From Holocaust to Harvard: A Story of Escape, Forgiveness, and Freedom

From Holocaust to Harvard: A Story of Escape, Forgiveness, and Freedom

by John Stoessinger

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From Holocaust to Harvard: A Story of Escape, Forgiveness, and Freedom 4.5 out of 5 based on 0 ratings. 2 reviews.
Anonymous More than 1 year ago
Excellent, fascinating book about a young Jewish boy who endured beatings and bullying for the"crime" of being born Jewish for many years and in several countries. When John reaches the United States, however, the force of his intellect propels him into enormous academic success. But the author with human frailty, like all of us, finds himself with relationship and legal mistakes that cost him both money and reputation. In the end, though, this is a book about hope and redemption.
missmickee-bookreview More than 1 year ago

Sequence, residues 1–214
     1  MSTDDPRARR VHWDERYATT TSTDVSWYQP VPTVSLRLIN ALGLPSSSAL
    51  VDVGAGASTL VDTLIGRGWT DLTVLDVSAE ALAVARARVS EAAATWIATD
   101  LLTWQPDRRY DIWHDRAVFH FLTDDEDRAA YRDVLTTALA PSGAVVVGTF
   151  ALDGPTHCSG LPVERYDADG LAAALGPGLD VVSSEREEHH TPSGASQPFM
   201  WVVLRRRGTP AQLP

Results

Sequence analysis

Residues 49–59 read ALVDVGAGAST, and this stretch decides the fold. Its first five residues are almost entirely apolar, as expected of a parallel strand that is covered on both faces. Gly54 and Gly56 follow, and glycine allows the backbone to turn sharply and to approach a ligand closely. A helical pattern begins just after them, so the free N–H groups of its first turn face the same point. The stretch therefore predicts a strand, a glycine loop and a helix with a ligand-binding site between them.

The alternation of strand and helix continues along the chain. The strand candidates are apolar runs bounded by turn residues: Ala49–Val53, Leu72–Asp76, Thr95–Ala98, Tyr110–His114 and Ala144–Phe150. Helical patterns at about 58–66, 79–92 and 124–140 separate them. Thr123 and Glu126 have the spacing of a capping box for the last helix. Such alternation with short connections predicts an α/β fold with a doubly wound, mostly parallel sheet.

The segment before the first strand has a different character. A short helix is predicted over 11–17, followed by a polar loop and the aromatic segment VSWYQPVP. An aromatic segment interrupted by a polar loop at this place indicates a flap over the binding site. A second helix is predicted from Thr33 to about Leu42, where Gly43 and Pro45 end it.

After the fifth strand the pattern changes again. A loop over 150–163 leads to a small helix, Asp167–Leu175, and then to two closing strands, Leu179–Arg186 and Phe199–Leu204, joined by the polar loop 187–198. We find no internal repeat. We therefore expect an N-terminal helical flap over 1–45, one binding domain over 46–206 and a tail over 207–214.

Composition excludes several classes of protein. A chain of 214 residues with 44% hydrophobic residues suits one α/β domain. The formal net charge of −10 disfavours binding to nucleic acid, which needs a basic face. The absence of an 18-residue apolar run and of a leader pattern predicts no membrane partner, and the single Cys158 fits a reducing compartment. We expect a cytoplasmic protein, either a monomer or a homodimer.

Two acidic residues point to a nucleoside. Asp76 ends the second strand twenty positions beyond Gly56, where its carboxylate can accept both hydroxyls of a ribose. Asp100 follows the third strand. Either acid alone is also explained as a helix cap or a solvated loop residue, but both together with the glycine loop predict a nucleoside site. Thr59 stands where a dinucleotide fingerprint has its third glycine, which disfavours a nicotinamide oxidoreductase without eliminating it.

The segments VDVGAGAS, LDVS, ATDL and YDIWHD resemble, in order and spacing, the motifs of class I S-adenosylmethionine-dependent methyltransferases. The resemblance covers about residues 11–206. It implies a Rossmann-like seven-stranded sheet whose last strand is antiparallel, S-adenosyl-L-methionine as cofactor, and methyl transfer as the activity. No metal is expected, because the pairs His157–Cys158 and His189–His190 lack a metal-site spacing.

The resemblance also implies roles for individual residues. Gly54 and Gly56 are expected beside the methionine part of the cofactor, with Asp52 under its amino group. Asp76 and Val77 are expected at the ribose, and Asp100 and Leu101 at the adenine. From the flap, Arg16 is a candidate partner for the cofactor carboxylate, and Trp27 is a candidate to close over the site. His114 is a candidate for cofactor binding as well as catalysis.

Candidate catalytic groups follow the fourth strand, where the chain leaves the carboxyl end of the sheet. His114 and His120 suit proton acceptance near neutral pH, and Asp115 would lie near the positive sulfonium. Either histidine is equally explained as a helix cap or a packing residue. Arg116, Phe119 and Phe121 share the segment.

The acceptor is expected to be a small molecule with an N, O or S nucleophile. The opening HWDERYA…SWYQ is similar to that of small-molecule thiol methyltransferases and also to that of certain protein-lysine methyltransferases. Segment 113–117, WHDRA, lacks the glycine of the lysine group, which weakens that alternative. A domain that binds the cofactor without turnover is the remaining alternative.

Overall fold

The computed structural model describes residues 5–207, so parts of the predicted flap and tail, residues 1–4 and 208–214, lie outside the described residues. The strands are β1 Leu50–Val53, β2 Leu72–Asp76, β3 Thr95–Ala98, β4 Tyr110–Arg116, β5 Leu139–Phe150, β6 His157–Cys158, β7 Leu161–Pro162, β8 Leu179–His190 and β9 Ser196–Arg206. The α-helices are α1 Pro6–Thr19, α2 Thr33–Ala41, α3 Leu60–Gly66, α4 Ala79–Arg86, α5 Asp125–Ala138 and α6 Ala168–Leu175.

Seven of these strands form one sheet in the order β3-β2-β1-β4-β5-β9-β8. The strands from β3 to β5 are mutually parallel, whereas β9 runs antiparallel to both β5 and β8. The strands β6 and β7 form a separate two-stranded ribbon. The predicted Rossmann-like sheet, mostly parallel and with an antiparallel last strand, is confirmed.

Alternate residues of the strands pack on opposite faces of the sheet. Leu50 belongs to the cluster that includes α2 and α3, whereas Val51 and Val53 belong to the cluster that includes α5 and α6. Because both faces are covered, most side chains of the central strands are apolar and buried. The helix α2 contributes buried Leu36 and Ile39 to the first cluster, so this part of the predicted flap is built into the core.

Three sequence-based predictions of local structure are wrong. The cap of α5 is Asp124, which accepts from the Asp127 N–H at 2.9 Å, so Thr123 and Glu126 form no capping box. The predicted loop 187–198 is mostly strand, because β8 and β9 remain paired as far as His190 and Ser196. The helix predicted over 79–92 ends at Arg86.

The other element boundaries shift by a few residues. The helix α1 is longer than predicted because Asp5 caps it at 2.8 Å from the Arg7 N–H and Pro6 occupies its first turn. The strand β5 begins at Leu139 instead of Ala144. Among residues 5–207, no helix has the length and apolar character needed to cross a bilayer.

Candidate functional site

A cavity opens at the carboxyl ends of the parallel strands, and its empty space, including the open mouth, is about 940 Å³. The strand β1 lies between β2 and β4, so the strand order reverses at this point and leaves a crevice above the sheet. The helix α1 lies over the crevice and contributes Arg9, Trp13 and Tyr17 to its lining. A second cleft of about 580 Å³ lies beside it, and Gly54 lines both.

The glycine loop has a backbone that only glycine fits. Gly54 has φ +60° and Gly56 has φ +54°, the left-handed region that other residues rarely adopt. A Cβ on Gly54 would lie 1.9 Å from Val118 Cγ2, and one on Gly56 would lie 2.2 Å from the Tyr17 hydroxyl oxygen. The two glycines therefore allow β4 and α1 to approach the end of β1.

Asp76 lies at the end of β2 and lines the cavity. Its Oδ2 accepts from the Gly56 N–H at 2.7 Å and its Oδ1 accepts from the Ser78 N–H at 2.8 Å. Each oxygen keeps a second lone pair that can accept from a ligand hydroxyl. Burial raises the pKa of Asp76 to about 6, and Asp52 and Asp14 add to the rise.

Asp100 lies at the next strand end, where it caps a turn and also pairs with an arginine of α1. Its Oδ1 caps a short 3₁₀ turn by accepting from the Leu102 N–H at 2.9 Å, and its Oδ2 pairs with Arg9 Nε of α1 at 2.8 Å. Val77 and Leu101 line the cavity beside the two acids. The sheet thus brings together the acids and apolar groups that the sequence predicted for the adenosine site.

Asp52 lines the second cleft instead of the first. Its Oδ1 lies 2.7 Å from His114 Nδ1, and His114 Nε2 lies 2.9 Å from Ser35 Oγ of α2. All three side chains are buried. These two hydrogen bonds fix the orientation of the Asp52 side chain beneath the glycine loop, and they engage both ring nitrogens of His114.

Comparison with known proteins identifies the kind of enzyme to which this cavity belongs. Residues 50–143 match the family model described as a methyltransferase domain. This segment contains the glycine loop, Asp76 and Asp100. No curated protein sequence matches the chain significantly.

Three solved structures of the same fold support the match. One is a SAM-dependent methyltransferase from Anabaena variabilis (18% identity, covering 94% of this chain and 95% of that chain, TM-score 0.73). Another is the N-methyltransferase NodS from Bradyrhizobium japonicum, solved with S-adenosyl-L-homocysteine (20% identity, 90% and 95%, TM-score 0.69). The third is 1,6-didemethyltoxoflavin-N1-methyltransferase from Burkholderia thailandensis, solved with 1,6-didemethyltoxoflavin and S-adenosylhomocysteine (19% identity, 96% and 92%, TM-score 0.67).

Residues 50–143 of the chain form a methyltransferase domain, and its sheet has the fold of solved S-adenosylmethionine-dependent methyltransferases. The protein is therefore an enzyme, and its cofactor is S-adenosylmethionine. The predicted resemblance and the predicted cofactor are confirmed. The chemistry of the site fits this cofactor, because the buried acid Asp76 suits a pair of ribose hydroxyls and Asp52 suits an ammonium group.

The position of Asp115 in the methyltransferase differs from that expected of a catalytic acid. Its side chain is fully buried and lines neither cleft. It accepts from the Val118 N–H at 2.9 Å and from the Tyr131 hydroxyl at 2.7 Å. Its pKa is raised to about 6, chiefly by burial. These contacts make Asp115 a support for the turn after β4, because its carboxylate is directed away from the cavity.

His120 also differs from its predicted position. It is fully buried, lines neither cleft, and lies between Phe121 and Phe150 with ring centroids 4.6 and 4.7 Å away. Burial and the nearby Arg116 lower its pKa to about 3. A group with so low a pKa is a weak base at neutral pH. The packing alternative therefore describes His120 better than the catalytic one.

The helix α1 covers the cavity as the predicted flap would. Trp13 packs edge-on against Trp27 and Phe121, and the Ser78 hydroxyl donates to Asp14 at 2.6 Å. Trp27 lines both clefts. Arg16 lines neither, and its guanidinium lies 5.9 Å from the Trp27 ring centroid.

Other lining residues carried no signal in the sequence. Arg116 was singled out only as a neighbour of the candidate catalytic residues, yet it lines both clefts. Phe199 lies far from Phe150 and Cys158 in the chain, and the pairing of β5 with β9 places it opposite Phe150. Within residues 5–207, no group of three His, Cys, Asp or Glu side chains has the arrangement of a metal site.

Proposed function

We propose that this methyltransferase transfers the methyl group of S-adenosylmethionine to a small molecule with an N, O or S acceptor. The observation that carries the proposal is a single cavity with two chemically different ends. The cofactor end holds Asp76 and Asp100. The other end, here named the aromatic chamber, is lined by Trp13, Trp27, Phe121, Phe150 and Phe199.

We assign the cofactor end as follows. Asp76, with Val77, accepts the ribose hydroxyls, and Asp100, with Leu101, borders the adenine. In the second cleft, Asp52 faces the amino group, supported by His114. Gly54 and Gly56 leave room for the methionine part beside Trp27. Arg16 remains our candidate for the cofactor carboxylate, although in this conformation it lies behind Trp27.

From Holocaust to Harvard: A Story of Escape, Forgiveness and Freedom is an extraordinary memoir of the life of prolific bestselling author Dr. John G. Stoessinger PhD (1927-) political scientist, former professor's of several prestigious universities, and service for the United Nations. Dr. Stoessinger (JGS) serves as Distinguished Professor of Global Diplomacy at University of San Diego, and visiting lecturer at the University of California. As a young child, JGS watched in awe as Hitler arrived in his birthplace of Vienna, celebrated with a marching band, as the Nazi's thundered into the city. As a Jewish youth, he was soon terrorized and badly beaten by other students, his mother would relocate them to the safety of Prague where his grandparents lived, there she would remarry. JGS was haunted throughout his life by the loss of his father, he wouldn't learn the truth behind his mysterious disappearance until late adulthood. Oskar, his stepfather, despised him for unknown reasons and beat him. However, Oskar had connections to flee Nazi persecution, and took his new family to Shanghi, China. Terribly unsettled by the ordeal, JGS was thankful to be alive, made a close friend Rusty. Receiving notice for his exceptional academic progress, he later earned a full scholarship to an American college in Iowa, where he relocated, not sharing the news of his good fortune until the last minute. Excelling in his academic studies, JGS received a full graduate scholarship to Harvard. So focused on his studies, his goals and dreams were of becoming a prestigious academic. JGS nearly lost this chance with a pregnant girlfriend, and was almost deported. A quick marriage brought him full acceptance by his wealthy father-in-law, who planned for JGS to manage his vast business holdings. JGS outright rejected this generous offer, and fled to Harvard, eventually his wife divorced him and another man would raise his only son. Academic study acted as a security for JGS, where he fully thrived and caught the notice and was mentored by a distinguished Harvard professor, another close friend was Henry Kissinger; who later was the subject of one of his books. Drawn to the thrill of buying and selling stocks and commodities, JGS would make and loose vast sums of money. He would become a notable professor at Harvard, and later served as acting director of political affairs at the United Nations. Finding stability and a measure of happiness with his second wife, a concert pianist, they had a daughter. He would catch the eye of a seemingly popular international political figure who claimed connections to further advance/publish his books. Flattered by her admiration for his work, she soon became his mistress. Through JGS letters of recommendation, this woman was able to illegally obtain favors and funds from foreign banks, and implicated JGS involvement. Federal charges were filed against him. Eventually JGS was cleared in court, and received a full pardon from Ronald Regan in 1985. Considering the stress of this tremendous ordeal, his second marriage ended in a bitter divorce. With the need to start over, JGS accepted a position to teach at Trinity University in San Antonio, Texas. A new relationship would bring him a sense of renewed love and hope. Janis would encourage him in the direction of family connections, he would hear from his adult son, and she would greatly support him when his mother died of Alzheimer's. It is unclear why JGS relationship with Janis